This report provides a global perspective on the evaluation findings of the Casey Foundation’s five-year Mental Health Initiative (MHI) for Urban Children, implemented in the early 1990s. The MHI created new ways of delivering culturally appropriate, family-focused mental health services to children in high poverty, urban communities, and worked with states to improve the policies and practices supporting these services. The report details background information, describes the three main components of the initiative, and provides a summary of the major accomplishments and challenges experienced in systems reform, governance and service delivery. A final commentary discusses the implications on future national, multisite, multifaceted initiatives.
Trust building at the relationship level is key to creating community change
Findings & Stats
Approximately 20% of all children have a diagnosable mental disorder.
Poverty Accentuates Problems
Poverty makes mental health problems more acute while inadequate services results in more kids of color spending time in foster care, special education, psychiatric hospitals and juvenile justice facilities–all at public expense.
Prevention Garners Participation
The focus of prevention and early intervention caught the attention of parents and communities as more children became eligible to participate in the mental health initiative.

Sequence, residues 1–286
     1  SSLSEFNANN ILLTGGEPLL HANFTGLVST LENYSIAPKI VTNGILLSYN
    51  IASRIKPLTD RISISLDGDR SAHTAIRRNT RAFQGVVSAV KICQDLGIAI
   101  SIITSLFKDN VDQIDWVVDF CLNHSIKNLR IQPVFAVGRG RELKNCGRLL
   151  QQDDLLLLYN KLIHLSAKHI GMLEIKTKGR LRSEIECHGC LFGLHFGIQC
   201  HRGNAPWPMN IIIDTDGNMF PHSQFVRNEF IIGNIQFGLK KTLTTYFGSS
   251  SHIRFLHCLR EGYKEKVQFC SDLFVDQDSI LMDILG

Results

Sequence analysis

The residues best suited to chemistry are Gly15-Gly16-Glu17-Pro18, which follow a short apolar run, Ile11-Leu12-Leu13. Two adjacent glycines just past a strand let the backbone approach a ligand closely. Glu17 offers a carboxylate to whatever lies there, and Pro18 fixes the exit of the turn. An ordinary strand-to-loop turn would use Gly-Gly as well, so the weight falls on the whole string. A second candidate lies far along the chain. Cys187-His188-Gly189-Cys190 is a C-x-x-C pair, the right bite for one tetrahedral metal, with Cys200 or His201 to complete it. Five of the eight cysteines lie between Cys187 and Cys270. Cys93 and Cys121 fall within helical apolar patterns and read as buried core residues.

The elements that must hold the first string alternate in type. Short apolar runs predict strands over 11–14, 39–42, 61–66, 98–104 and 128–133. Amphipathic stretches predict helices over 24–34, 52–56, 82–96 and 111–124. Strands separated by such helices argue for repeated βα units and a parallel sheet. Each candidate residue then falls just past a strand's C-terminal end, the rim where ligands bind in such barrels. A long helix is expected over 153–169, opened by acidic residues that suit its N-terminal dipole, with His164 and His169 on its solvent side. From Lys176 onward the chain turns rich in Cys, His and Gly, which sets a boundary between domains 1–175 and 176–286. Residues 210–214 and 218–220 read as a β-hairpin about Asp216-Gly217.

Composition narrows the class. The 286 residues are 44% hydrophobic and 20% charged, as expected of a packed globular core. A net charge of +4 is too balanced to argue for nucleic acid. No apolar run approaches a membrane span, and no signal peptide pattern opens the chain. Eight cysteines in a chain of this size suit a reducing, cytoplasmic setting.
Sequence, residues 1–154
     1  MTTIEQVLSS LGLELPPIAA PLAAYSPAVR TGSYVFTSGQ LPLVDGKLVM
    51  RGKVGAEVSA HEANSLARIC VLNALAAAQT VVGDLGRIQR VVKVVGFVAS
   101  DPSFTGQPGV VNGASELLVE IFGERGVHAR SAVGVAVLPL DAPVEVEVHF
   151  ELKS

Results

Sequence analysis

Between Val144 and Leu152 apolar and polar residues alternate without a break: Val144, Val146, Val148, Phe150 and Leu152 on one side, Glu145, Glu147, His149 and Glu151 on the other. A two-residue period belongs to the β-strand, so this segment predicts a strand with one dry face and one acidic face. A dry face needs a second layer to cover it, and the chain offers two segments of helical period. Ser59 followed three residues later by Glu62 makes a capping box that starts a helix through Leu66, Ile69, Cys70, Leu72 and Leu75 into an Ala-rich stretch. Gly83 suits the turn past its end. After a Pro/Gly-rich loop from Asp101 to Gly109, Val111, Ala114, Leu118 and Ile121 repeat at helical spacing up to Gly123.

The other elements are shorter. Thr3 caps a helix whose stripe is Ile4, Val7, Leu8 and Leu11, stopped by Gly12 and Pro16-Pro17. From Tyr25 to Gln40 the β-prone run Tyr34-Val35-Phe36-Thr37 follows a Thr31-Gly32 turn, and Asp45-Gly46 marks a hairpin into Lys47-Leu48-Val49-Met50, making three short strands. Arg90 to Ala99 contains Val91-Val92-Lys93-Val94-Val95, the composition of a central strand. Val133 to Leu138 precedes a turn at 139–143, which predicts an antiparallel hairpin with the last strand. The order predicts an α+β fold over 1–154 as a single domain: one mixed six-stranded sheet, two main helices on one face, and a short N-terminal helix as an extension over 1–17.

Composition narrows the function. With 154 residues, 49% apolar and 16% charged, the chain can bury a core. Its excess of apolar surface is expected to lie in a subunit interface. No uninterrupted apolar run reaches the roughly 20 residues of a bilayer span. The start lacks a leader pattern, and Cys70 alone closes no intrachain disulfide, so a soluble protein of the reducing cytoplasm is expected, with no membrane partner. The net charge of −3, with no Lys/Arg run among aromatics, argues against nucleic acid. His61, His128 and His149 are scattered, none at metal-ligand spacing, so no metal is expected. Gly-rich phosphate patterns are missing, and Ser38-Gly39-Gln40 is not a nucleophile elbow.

Systems reform is a very difficult concept to define concretely and for people to understand.
Statements & Quotations
At the first meeting of the sites selected to be grantees in the Mental Health Initiative for Urban Children, Doug Nelson, Executive Director of the Annie E. Casey Foundation, told the assembled group that this initiative was about learning – learning about such things as neighborhood governance, about building positive relationships between neighborhoods, local government, and state government, and about the provision of culturally competent services.
The Initiative was organized under a framework that included three critical components, Systems Reform, Governance and Service Delivery. With the assistance of technical assistants and evaluation staff, key stakeholders from each of the four sites developed and designed a logic model that organized implementation strategies that would allow them to work on each of these areas simultaneously.
The general consensus was that more time should have been allocated to MHI implementation. The five-year period was insufficient to adequately meet the goals of the Initiative and this affected all areas of implementation.